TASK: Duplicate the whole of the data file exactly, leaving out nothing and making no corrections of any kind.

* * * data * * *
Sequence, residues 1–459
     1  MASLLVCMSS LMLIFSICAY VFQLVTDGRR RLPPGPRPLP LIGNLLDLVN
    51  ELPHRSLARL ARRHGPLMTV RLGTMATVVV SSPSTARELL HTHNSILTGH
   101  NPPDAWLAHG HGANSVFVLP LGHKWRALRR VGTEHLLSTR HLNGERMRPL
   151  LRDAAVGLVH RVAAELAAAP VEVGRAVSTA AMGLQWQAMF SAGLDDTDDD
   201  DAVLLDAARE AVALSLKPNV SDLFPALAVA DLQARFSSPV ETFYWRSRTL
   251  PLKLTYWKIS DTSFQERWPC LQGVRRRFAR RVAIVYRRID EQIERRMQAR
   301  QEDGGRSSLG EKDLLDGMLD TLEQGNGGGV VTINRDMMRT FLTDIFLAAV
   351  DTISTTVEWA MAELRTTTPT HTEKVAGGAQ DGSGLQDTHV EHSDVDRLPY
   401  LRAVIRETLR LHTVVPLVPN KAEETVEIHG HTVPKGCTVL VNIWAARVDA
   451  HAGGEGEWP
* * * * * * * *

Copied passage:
Sequence, residues 1–459
     1  MASLLVCMSS LMLIFSICAY VFQLVTDGRR RLPPGPRPLP LIGNLLDLVN
    51  ELPHRSLARL ARRHGPLMTV RLGTMATVVV SSPSTARELL HTHNSILTGH
   101  NPPDAWLAHG HGANSVFVLP LGHKWRALRR VGTEHLLSTR HLNGERMRPL
   151  LRDAAVGLVH RVAAELAAAP VEVGRAVSTA AMGLQWQAMF SAGLDDTDDD
   201  DAVLLDAARE AVALSLKPNV SDLFPALAVA DLQARFSSPV ETFYWRSRTL
   251  PLKLTYWKIS DTSFQERWPC LQGVRRRFAR RVAIVYRRID EQIERRMQAR
   301  QEDGGRSSLG EKDLLDGMLD TLEQGNGGGV VTINRDMMRT FLTDIFLAAV
   351  DTISTTVEWA MAELRTTTPT HTEKVAGGAQ DGSGLQDTHV EHSDVDRLPY
   401  LRAVIRETLR LHTVVPLVPN KAEETVEIHG HTVPKGCTVL VNIWAARVDA
   451  HAGGEGEWP